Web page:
Emergencies

What to do in case of an emergency

If you’re a western expatriate, don’t expect Kuwait’s emergency services and ambulances to be as efficient or widespread as in your home country.

Emergencies

Ambulance services exist, but these are usually controlled by the police (and used primarily for road accidents) or by the state hospitals. If you need to get to hospital quickly, the most reliable method is to use your own transport or go by taxi. This is common in the region. Even the victims of road accidents, if their injuries aren’t too severe, are often bundled into a car or taxi and taken to hospital. Police and emergency services are sometimes equipped with helicopter services, but these are only used for road accidents, beach accidents involving drowning and evacuations from difficult terrain.

On arrival in Kuwait, you should immediately take note of the emergency telephone numbers, the location of the major hospitals and their facilities, and the quickest route to the nearest hospital with an accident and emergency department. Your work colleagues can advise you about the best places to go. Keep the telephone number of a taxi service by the telephone in case your own transport is unavailable. Your private doctor will usually make house calls if requested in non-emergency cases.

In the case of a medical emergency, observe the following procedure:

  1. If you’re able to, go directly to the nearest hospital with an accident and emergency department.
  2. If you don’t have your own transport and an ambulance service exists, call the ambulance number. The operator will be able to speak both Arabic and English and will respond in the language that you use. (Although English is widely spoken by the emergency services, telephone operators, etc., it’s useful to know a few appropriate words of Arabic to use if the need arises.) You will be asked to identify yourself and give your address; remember that you might have to give directions, using nearby landmarks rather than the street number. You will also be asked about the type of medical problem. If it’s life-threatening, such as a heart attack or a serious accident, make this clear.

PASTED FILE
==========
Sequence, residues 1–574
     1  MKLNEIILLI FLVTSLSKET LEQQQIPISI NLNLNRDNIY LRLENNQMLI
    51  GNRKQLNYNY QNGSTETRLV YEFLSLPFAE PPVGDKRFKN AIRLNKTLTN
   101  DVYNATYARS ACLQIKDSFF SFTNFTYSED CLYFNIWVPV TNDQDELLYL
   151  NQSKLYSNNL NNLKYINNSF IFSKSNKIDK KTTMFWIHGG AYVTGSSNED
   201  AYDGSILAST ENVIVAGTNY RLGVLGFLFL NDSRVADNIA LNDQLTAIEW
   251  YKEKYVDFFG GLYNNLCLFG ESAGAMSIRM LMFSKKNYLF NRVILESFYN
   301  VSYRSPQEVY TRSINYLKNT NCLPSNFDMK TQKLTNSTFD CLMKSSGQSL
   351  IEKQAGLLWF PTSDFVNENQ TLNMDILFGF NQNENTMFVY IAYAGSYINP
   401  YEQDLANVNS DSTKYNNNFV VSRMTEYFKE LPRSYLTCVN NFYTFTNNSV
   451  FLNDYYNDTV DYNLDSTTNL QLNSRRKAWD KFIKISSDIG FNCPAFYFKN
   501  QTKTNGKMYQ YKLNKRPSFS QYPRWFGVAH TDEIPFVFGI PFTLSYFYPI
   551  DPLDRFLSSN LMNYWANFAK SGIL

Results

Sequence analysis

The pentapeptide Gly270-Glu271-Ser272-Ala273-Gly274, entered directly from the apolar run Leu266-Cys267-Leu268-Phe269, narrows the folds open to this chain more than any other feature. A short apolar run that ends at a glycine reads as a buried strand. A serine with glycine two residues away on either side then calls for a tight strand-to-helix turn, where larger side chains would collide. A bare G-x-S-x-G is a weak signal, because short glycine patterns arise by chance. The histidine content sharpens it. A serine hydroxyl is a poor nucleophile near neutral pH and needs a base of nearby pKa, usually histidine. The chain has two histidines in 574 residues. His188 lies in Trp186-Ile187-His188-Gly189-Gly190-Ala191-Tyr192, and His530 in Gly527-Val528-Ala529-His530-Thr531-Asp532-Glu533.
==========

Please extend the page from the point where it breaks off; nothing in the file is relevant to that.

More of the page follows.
3. Ask for an expected time of arrival of an ambulance and whether trained medical personnel will be in attendance. The answer might persuade you to call a taxi.
  4. If calling a taxi, make sure that the driver or taxi company understands the urgency of the situation.

Ambulance services exist, but these are usually controlled by the police (and used primarily for road accidents) or by the state hospitals. If you need to get to hospital quickly, the most reliable method is to use your own transport or go by taxi. This is common in the region. Even the victims of road accidents, if their injuries aren’t too severe, are often bundled into a car or taxi and taken to hospital. Police and emergency services are sometimes equipped with helicopter services, but these are only used for road accidents, beach accidents involving drowning and evacuations from difficult terrain.

On arrival in Kuwait, you should immediately take note of the emergency telephone numbers, the location of the major hospitals and their facilities, and the quickest route to the nearest hospital with an accident and emergency department. Your work colleagues can advise you about the best places to go. Keep the telephone number of a taxi service by the telephone in case your own transport is unavailable. Your private doctor will usually make house calls if requested in non-emergency cases.

In the case of a medical emergency, observe the following procedure:

  1. If you’re able to, go directly to the nearest hospital with an accident and emergency department.
  2. If you don’t have your own transport and an ambulance service exists, call the ambulance number. The operator will be able to speak both Arabic and English and will respond in the language that you use. (Although English is widely spoken by the emergency services, telephone operators, etc., it’s useful to know a few appropriate words of Arabic to use if the need arises.) You will be asked to identify yourself and give your address; remember that you might have to give directions, using nearby landmarks rather than the street number. You will also be asked about the type of medical problem. If it’s life-threatening, such as a heart attack or a serious accident, make this clear.
  3. Ask for an expected time of arrival of an ambulance and whether trained medical personnel will be in attendance. The answer might persuade you to call a taxi.
  4. If calling a taxi, make sure that the driver or taxi company understands the urgency of the situation.

Further reading

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